Energy

Insurers Are Refusing To Do Business With Coal Companies

REUTERS/Joshua Roberts

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Jason Hopkins Immigration and politics reporter

A growing number of insurance firms around the world are either divesting from coal companies or refusing to do business with them altogether, Axios reported.

Generali– the third largest insurer in Europe and the largest in Italy — announced it will no longer insure the production of coal facilities or mines. Additionally, Generali will no longer accept new clients that acquire as much as 30 percent of their revenue or energy production from coal. The Italian company, however, will keep doing business with its existing clients.

Generali’s moves are just the latest in a growing trend by major insurance companies that are refusing to work with coal interests.

International insurance giants Allianz, Swiss Re, Munich Re, AXA and Zurich have all opted to limit their insurance dealings with coal. Their decisions mostly come from not only pressure from environmental organizations, but also from governments increasingly antagonistic against fossil fuels. Fifteen European countries have pledged to completely phase out coal by the year 2030. (RELATED: Ireland Might Become First Country In The World To Stop Investing In Fossil Fuels)

“Generali’s move shows that coal is increasingly becoming uninsurable. The majority of global insurance companies with the expertise to lead in assessing and underwriting new power plants have now committed to end or limit insurance for new coal projects,” stated Lucie Pinson, European coordinator for the Unfriend Coal campaign, according to Insurance Business.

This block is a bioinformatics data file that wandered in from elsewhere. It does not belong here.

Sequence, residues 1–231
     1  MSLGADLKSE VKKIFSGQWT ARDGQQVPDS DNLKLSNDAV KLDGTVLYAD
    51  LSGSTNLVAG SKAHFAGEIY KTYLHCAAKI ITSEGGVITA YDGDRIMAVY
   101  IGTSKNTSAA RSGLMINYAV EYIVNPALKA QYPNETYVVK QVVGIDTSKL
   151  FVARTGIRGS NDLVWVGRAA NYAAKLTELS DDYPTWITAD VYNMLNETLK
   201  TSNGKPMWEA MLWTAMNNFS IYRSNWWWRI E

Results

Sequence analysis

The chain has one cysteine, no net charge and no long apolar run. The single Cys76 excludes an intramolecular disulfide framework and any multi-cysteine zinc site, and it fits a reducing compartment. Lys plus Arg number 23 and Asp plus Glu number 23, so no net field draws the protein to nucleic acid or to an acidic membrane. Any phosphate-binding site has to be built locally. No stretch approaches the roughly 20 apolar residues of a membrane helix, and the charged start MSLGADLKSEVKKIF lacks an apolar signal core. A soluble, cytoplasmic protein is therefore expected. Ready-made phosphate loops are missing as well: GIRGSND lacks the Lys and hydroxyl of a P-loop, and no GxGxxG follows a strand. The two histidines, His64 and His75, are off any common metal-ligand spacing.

While no major U.S. insurance company has announced a ban on coal, there are growing calls for divestment from the industry.

Miners leave after working the final shift at Kellingley Colliery on its last day of operation in north Yorkshire, England

Miners leave after working the final shift at Kellingley Colliery on its last day of operation in north Yorkshire, England, December 18, 2015. Kellingley is the last deep coal mine to close in England, bringing to an end centuries of coal mining in Britain. REUTERS/Nigel Roddis/Pool

California Insurance commissioner Dave Jones, for example, implored insurers holding more than $525 billion in fossil fuels and utility stocks to voluntarily divest from coal. So far, 67 insurers have vowed to divest around $1 billion worth of assets. Divestment is also being undertaken by government officials, with New York City Democratic Mayor Bill de Blasio attempting to completely remove fossil fuel investments from the city’s pension funds.

Altogether, about $20 billion has been divested from coal around the world.

While environmentalist groups and free market forces are contributing to the coal industry’s demise, the Trump administration has actively worked to prop up the industry, embarking on an ambitious deregulation agenda and looking into bailout options for at-risk coal plants.

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